Why authors need convertible debt

At the end of a recent blogpost, I had referred to a piece by Matthew Yglesias where he refers to author advances as “convertible debt”.

 An advance is bundled with a royalty agreement in which a majority of the sales revenue is allocated to someone other than the author of the book. In its role as venture capitalist, the publisher is effectively issuing what’s called convertible debt in corporate finance circles — a risky loan that becomes an ownership stake in the project if it succeeds.

While I agreed with Yglesias’s piece when I had first read it (around the time it was published), I’m not so sure I agree with it now. As I approache the “home stretch” with the first draft of my first book (it’s a popular economics book on liquidity and market design), I’m plunged in self-doubt every time I sit down to write it.

The problem with writing a book is that the author needs to work for months together without any feedback whatsoever. It is occasionally possible for the author to take feedback from a few family members and friends. While such feedback is sometimes useful, the problem is that the people providing the feedback represent only a very tiny fraction of the book’s overall client base (I hope lots of people will read my book once it gets published).

So there is always a reasonable chance that months of effort might result in an absolute dud, implying zero returns. It is also mildly probable, of course, that these months of efforts might result in a blockbuster, but while you are producing it you have no clue which way it will turn out.

This can create serious motivation issues, and on the occasional bad day at work you might be tempted to abandon the project altogether and get back to doing something more predictable. You can have some internal deadlines but they need not be binding (like I’d set the deadline to finish my first draft as the day I went for my vacation to al-Andalus. However I’ve already reneged on that and given myself a further fifteen days). Unless there is extremely strong internal motivation, it is hard to sustain your effort.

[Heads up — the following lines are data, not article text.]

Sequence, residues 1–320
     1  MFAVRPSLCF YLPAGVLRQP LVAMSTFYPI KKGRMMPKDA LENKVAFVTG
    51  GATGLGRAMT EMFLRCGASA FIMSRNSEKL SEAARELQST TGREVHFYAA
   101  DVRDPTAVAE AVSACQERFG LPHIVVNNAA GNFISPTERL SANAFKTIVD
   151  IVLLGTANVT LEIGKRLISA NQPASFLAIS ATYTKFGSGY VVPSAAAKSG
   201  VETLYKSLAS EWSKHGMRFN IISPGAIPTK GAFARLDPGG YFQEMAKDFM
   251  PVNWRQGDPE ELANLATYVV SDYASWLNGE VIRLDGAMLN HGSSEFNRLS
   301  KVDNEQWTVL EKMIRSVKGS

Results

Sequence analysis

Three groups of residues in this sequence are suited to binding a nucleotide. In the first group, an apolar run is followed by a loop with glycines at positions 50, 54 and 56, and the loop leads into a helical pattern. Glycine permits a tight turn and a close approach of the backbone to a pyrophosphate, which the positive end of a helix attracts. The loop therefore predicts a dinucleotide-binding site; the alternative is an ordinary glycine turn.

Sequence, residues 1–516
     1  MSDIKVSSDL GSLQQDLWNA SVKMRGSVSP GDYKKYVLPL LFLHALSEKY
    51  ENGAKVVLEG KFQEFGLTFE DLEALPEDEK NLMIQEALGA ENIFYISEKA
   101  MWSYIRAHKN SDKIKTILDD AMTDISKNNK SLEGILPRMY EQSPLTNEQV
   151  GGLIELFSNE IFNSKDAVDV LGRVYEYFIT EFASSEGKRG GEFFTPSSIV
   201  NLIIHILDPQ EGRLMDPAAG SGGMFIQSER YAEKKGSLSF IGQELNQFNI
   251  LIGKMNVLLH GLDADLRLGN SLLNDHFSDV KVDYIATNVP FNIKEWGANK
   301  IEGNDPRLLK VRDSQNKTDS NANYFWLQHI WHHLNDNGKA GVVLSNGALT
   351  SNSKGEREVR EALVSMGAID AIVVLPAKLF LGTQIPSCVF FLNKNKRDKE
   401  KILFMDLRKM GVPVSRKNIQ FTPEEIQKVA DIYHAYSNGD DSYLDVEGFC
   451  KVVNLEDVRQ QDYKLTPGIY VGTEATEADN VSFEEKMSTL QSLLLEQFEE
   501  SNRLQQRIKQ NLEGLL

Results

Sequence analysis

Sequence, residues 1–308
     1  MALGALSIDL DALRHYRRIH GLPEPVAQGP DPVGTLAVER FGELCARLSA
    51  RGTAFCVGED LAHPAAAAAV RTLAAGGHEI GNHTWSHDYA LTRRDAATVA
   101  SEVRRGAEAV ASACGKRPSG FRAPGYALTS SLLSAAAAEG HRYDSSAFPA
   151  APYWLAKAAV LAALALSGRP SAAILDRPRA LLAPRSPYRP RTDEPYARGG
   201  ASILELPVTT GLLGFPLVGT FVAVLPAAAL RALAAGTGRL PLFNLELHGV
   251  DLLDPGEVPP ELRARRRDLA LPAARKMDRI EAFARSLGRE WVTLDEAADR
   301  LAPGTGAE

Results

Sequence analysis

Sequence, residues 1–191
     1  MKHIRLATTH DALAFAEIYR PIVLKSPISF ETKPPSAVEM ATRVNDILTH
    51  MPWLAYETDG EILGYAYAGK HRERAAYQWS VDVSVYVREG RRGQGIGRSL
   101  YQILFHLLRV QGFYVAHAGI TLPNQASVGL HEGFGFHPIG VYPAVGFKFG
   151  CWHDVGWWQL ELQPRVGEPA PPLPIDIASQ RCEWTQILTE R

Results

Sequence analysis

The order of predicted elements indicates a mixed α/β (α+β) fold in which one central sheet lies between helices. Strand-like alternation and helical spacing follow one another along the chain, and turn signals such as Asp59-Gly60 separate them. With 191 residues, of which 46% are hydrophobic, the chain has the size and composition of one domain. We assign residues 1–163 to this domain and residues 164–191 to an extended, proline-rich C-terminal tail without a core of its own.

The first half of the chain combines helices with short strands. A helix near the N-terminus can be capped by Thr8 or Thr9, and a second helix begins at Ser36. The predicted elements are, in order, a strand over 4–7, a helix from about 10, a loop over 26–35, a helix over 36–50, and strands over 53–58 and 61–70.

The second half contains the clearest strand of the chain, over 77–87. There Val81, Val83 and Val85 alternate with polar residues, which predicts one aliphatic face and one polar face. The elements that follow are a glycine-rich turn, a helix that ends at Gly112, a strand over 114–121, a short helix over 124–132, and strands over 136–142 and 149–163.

This is where convertible debt, in the form of a publisher’s advance, can help. On the upside, the advance will guarantee you some returns (however meagre) from the project. On the downside, the advance from the publisher comes with a deadline, which acts as a Damocles’s sword to ensure you are motivated and finish your book on time.

As a first time author however, whose only published work so far has been 2000 odd posts on this blog and a 100 odd articles for Mint, I didn’t give myself too good a chance of snagging convertible debt, and so I soldier on, hoping my book turns out well.

Soon, once I finish the draft, I hope to start taking the book to publishers. If any of you has leads on who to approach, do let me know. It’s a non-fiction (popular economics) book with an Indian core but written for a global audience. For now I’m ruling out self-publication, since I’m looking at this book as providing me far more than royalty revenues and can do with some publisher validation.

Also, that might help me get some convertible debt for my next book!

One thought on “Why authors need convertible debt”

  1. So you know, I used to be an editor, and it didn’t always work as that much of a motivator heh. But having an editor at early stages is great for helping focus the writing and all. Anyway, happy to connect you with four publishers. Longtime fan of your writing 🙂

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